umbilical region. There was history of oozing of blood from umbilicus since birth. Patient was treated twice for the same complaint in line of para umblical abcess (incision and drainage), the last surgery was done 1 month back before presentation to our hospital. Patient was then put on intravenous antibiotics after which he recovered fully. However, the symtoms and signs reoccurred again with continued discharge from wound site. There was no signiﬁcant family history. On examination there was swelling in paraumblical region of size 2 × 3 cm with redness and increased temperature with active seropurulent discharge. Rest of examination was normal. Ultrasound of abdomen was normal. Exploration was done under GA. A horizontal incision was made supra umbilically 3 cm long. Sheath identiﬁed and separated. Umbilical vein was identiﬁed along with vitellointestinal duct which was attached to border of ileum upto the umbilicus (Fig. 1). The ileal attachment is transﬁxed with vicryl 3–0 and cut end sutured with purse strring sutured and embedded with ileal wall. Rest of cord with umbilical vein was cauterised. 3. Discussion The incidence of a completely patent VID is reported to be 0.0063–0.067% . Of all the anomalies of the VID, complete patency of the duct is the rarest. The condition is mostly seen either in neonates or in infants .
http://dx.doi.org/10.1016/j.ijscr.2015.07.039 2210-2612/© 2015 The Authors. Published by Elsevier Ltd. on behalf of Surgical Associates Ltd. This is an open access article under the CC BY-NC-ND license (http:// creativecommons.org/licenses/by-nc-nd/4.0/).
CASE REPORT – OPEN ACCESS H.S. Rekhi et al. / International Journal of Surgery Case Reports 15 (2015) 30–31
Funding None. Ethical approval None. Consent Informed consent taken from patients parents. Author contributions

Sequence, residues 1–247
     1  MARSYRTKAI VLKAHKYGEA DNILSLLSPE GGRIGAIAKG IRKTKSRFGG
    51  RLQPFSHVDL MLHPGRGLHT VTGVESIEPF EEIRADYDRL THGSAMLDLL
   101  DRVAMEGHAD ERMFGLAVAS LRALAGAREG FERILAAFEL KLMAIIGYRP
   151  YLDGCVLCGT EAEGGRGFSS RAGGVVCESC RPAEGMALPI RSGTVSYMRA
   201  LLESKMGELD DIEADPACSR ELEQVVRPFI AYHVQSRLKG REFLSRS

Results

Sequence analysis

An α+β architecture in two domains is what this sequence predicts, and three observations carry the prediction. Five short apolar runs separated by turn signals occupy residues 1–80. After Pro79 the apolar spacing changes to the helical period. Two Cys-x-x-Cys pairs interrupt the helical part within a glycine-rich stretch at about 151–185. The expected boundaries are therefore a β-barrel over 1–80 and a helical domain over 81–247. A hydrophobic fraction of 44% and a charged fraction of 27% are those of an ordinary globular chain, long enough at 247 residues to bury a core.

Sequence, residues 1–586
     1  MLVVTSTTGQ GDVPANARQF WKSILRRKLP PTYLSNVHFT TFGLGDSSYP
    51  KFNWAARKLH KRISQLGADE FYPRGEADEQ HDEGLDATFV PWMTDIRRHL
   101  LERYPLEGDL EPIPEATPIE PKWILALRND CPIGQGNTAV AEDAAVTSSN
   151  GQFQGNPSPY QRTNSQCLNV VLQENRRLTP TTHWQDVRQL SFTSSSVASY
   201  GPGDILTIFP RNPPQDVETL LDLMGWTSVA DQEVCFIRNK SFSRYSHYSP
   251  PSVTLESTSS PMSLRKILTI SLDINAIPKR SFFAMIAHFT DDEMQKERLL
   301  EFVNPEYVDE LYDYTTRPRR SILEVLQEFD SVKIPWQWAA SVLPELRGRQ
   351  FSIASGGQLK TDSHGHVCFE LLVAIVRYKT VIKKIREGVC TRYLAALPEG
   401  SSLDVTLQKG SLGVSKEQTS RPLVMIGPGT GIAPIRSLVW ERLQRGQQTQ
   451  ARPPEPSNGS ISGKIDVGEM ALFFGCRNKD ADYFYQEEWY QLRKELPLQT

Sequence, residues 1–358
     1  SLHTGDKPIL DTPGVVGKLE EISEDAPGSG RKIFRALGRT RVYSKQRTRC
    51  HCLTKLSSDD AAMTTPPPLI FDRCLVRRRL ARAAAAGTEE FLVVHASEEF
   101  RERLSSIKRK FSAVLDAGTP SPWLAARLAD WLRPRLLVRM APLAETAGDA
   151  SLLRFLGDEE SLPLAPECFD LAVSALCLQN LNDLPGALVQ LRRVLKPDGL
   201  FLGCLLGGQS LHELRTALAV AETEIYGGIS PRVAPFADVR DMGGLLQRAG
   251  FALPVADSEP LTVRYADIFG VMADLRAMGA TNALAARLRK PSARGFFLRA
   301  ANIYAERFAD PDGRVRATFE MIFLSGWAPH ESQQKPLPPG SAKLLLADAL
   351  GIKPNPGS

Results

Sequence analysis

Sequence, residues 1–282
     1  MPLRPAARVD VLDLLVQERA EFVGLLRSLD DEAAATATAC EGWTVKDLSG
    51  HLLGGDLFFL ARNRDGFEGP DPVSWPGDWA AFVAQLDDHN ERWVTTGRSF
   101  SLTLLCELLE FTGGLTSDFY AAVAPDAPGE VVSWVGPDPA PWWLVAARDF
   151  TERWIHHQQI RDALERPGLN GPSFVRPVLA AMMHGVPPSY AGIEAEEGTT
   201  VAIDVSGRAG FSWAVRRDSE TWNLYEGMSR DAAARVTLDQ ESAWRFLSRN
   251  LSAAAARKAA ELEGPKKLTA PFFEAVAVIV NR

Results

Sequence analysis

Fig. 1. Vittelointestinal duct with lower end attached to ileum.
The vitelline duct normally closes between the 5th and the 7th weeks of intra embryonic development but can lead to several pathologies in case of closure defects, giving rise to intra-abdominal (Meckel diverticulum, vitelline cyst) or umbilical lesions (umbilical ﬁstula, umbilical sinus and umbilical polyp) . Vitellointestinal duct as abscess is rare presentation as shown in study conducted by Ali et al  as well as discharging umbilical sinus but they should be considered as a differential diagnosis of discharging umbilicus as management of abscess and patent duct are different . 4. Conclusion In children presenting with discharge in umblical region since birth, patent vitellointestinal duct should be kept in differential diagnosis. Conﬂict of interest None.
Study concept or design: Harnam S. Rekhi, Gurtej Singh, Pankaj Dugg, Sushil Mittal. Data collection: Pankaj Dugg, Gurtej Singh. Data analysis or interpretation: Harnam S. Rekhi, Sushil Mittal, Balwinder K. Rekhi. Writing the paper: Pankaj Dugg, Gurtej Singh. Guarantor Harnam S. Rekhi, Pankaj Dugg. References  Le Tao, V. Bhushan, N. Vasan, First Aid for the USMLE Step 1: 2010 20th Anniversary Edition, USA, The McGraw-Hill Companies, Inc, 2010, p. 122. ISBN 978-0-07-163340-6.  P.L. Rao, S.K. Mitra, I.C. Pathak, Patent vitello-intestinal duct, Indian J. Pediatr. 46 (1979) 215–218.  A. Aggarwal, A. Memon, Patent vitellointestinal duct, BMJ Case Rep. (2010), http://dx.doi.org/10.1136/bcr.12.2009.2594.  J. Delplace, O. Paduart, J.L. Dargent, E. Bastianelli, J. Haot, A bizarre excrescence of the umbilicus in a 1-month-old child, Rev. Med. Brux. 17 (3) (1996) 140–142.  A. Ali, A.R. Jawale, J. Cama, Vitello-intestinal duct ﬁstula—a rare presentation of a patent vitello-intestinal duct: a case report, Pac. Health Dialog 16 (2) (2010) 67–69.  A. Agnihotri, H. Sarma, N. Jeebun, Umblical sinus: case report of rare malformation with a brief insight into the other vitelointestinal duct anomalies, Internet J. Pathol. 5 (2) (2006).